Friday, April 8th 2014
Today is Good Friday and Tigger has the day off from work. We have an out-of-town expedition planned for tomorrow so we thought we should choose an in-town trip today. For no particular reason, we chose Sutton. It is easy to reach by railway from St Pancras. We had taken a look at the town in November 2009 (see From St Pancras to Sutton) so this would be a return visit.
Down underneath the station concourse at St Pancras are the platforms for the Thameslink route. This goes north to Bedford and south to Brighton with various other destinations including Gatwick Airport. Here were caught a train to Sutton.
While waiting for the train I took a few photos, including the above self-portrait. These are the cctv screens on the platform provided for the train driver to see all along the train while passengers are embarking and disembarking.
After a short journey we arrived at Sutton. This town was once located in the county of Surrey until 1965 when the ever expanding monster, Greater London, finally reached and absorbed it. Sutton is now a London Borough.
Looking around you in Sutton today, it is hard to imagine that there was ever anything here but streets, buildings and traffic. The truth is, though, that it started as a small 6th or 7th century settlement and was an agricultural village throughout the Middle Ages. It appears in Domesday Book as Sudtone, a name that derives from Anglo-Saxon suth and tun, meaning ‘south’ and ‘farmstead’, respectively. The turnpike road from London to Brighton was built through Sutton in 1755 but the Sutton’s modern expansion began in the second half of the 19th century after the railway reached in it 1847 and it became a Victorian commuter town.
Almost the first thing we saw on leaving the station was this unusual sight: a monk. The brown robes suggest a Franciscan but, apart from that, I haven’t a clue as to who this monk is or where he is going. The staff and the determined gait suggest that he is on a journey. With his cloak billowing in the wind, he looked like a figure from a medieval tapestry. (See Update below.)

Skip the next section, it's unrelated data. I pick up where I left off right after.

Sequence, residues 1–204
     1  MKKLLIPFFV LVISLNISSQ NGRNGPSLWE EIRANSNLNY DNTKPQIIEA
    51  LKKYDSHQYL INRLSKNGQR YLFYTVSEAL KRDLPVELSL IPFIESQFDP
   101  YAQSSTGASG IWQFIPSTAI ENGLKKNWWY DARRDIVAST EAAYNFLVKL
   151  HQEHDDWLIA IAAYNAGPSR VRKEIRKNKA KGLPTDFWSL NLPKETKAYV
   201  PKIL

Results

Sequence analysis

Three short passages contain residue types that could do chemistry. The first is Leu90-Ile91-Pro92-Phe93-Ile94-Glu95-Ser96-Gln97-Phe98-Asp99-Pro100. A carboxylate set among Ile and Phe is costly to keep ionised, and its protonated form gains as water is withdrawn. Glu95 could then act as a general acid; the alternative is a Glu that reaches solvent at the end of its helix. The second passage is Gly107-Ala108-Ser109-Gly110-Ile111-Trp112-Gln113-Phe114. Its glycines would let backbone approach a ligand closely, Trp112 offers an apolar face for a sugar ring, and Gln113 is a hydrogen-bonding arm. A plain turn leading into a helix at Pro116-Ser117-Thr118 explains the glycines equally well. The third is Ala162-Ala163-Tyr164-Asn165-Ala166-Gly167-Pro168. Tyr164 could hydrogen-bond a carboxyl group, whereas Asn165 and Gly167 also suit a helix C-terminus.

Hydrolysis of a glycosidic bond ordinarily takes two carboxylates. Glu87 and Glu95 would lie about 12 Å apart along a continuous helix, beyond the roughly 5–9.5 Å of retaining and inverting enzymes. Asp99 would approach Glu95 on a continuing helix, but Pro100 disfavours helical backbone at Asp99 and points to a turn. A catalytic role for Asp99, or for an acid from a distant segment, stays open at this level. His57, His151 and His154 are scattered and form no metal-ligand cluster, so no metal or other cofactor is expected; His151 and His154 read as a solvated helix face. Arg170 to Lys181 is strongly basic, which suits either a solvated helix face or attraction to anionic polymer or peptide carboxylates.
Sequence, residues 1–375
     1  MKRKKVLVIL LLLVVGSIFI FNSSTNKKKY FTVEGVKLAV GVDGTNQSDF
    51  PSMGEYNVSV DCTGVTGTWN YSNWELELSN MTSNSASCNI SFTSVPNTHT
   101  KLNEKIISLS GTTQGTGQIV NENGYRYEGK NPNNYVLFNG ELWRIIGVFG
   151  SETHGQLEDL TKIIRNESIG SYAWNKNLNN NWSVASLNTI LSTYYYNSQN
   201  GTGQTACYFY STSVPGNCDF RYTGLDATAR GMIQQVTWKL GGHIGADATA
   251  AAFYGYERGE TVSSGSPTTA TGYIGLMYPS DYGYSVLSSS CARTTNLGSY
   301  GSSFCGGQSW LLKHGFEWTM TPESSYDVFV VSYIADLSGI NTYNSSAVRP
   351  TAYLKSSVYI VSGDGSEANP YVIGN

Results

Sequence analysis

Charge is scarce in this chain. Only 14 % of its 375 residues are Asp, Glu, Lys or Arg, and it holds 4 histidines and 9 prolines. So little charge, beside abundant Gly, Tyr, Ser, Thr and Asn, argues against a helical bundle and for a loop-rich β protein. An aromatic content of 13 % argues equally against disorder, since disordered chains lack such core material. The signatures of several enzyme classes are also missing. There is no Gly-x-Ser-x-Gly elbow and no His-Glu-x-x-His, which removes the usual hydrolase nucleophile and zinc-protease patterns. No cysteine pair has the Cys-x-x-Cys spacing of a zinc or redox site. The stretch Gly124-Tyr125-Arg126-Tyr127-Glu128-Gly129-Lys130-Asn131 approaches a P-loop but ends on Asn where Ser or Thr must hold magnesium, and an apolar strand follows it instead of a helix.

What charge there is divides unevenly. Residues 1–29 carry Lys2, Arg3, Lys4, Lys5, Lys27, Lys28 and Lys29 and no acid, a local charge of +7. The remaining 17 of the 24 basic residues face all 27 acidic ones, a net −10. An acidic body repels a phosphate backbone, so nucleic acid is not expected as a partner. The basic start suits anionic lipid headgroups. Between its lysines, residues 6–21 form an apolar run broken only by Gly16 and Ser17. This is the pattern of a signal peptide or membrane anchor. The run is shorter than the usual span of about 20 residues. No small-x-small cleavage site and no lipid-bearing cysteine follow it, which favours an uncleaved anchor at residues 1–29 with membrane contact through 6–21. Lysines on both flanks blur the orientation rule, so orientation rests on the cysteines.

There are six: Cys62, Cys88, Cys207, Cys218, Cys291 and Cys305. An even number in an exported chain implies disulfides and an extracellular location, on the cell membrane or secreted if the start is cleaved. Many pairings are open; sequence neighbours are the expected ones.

Here follow some of the other things we saw as we wandered around Sutton.
A large painting on the end wall of a row of houses caught our attention. The line of sight to it was somewhat obscured by an enclosure with a wooden fence. The portrait (I imagine it is taken from life) is competently done but I could see no indication of the artist. Was it “guerrilla art” a la Banksy or was it commissioned? I don’t know. Update September 11th 2014: The picture is a commissioned portrait of Erykah Badu (see comment below).
We found our way to the High Street, which is quite long and pedestrianized along much of its length. On a corner of the High Street with Sutton Court Road stands a pub with the allusive name of The Cock and Bull. I don’t know whether there is any particular reason for it being given this name which has proverbial and historical resonances.
Above the pub door is this rather fetching relief and below it, the number 26. That is slightly odd, because the pub advertises its address as number 30 High Street and according to English Heritage listings, numbers 26 and 28 belong to other premises. More interesting, though, is the appearance of the caduceus, the staff with two entwined serpents. This is the staff of the Greek god Hermes, the messenger of the gods but also sometimes regarded as a the god of medicine. In modern times, the caduceus is generally taken as the symbol of medicine. Originally, the staff with one or more entwined serpents was known as the Rod of Asclepios, after its owner, the god Asclepios, associated with medicine and healing. Hermes seems to have inherited or stolen the staff from Asclepios. That, however, does not answer the question as to why a caduceus has been used to decorate a pub.
In Grove Road is the massive bulk of a matched set: the Post Office and the Telephone Exchange. I don’t know when they were built and the façades provide no clues (unless I missed them). I would guess a date in the first half of the 20th century.
Next to the Post Office and Telephone Exchange is a neat little building whose discreet brass plate on the door declares it to be a member of the Sutton & District Masonic Lodges Association. Its own Web site names it as the Sutton Masonic Hall. What I know about the Masons could be written on a postage stamp so I don’t know whether this counts as a lodge or not. If it is, then it’s about the smallest I have seen so far. It’s a pity the unsightly ventilator disfigures the doorway. I imagine that originally there would have been a rather pretty glass fanlight there.